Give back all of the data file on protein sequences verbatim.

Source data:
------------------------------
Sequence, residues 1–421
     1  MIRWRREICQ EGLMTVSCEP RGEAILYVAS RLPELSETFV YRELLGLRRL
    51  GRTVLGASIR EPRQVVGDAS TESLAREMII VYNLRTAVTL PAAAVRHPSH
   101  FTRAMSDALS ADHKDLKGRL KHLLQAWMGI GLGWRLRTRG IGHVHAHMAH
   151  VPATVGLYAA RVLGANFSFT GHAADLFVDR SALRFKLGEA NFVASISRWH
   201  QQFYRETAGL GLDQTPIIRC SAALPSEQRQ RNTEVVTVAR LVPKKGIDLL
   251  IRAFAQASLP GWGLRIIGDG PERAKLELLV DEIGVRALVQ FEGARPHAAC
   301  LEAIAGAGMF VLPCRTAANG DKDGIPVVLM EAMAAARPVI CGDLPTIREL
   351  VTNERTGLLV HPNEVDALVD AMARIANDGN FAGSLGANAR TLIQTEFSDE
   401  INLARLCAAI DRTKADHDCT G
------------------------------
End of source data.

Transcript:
Sequence, residues 1–421
     1  MIRWRREICQ EGLMTVSCEP RGEAILYVAS RLPELSETFV YRELLGLRRL
    51  GRTVLGASIR EPRQVVGDAS TESLAREMII VYNLRTAVTL PAAAVRHPSH
   101  FTRAMSDALS ADHKDLKGRL KHLLQAWMGI GLGWRLRTRG IGHVHAHMAH
   151  VPATVGLYAA RVLGANFSFT GHAADLFVDR SALRFKLGEA NFVASISRWH
   201  QQFYRETAGL GLDQTPIIRC SAALPSEQRQ RNTEVVTVAR LVPKKGIDLL
   251  IRAFAQASLP GWGLRIIGDG PERAKLELLV DEIGVRALVQ FEGARPHAAC
   301  LEAIAGAGMF VLPCRTAANG DKDGIPVVLM EAMAAARPVI CGDLPTIREL
   351  VTNERTGLLV HPNEVDALVD AMARIANDGN FAGSLGANAR TLIQTEFSDE
   401  INLARLCAAI DRTKADHDCT G